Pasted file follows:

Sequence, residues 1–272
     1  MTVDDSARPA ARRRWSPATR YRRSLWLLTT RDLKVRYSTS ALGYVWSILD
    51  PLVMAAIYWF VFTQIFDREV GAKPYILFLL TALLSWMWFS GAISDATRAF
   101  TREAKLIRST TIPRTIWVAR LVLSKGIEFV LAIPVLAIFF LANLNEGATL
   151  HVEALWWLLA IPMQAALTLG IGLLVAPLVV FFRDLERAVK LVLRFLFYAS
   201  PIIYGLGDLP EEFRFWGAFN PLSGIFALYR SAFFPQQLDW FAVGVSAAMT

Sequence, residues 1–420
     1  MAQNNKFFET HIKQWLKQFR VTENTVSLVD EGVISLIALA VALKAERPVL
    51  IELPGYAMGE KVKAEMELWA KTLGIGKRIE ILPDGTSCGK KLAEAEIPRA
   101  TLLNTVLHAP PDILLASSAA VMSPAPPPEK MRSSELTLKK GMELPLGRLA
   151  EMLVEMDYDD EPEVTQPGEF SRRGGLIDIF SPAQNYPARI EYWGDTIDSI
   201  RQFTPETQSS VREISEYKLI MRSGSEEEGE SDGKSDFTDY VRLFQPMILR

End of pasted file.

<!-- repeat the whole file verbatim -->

Sequence, residues 1–272
     1  MTVDDSARPA ARRRWSPATR YRRSLWLLTT RDLKVRYSTS ALGYVWSILD
    51  PLVMAAIYWF VFTQIFDREV GAKPYILFLL TALLSWMWFS GAISDATRAF
   101  TREAKLIRST TIPRTIWVAR LVLSKGIEFV LAIPVLAIFF LANLNEGATL
   151  HVEALWWLLA IPMQAALTLG IGLLVAPLVV FFRDLERAVK LVLRFLFYAS
   201  PIIYGLGDLP EEFRFWGAFN PLSGIFALYR SAFFPQQLDW FAVGVSAAMT

Sequence, residues 1–420
     1  MAQNNKFFET HIKQWLKQFR VTENTVSLVD EGVISLIALA VALKAERPVL
    51  IELPGYAMGE KVKAEMELWA KTLGIGKRIE ILPDGTSCGK KLAEAEIPRA
   101  TLLNTVLHAP PDILLASSAA VMSPAPPPEK MRSSELTLKK GMELPLGRLA
   151  EMLVEMDYDD EPEVTQPGEF SRRGGLIDIF SPAQNYPARI EYWGDTIDSI
   201  RQFTPETQSS VREISEYKLI MRSGSEEEGE SDGKSDFTDY VRLFQPMILR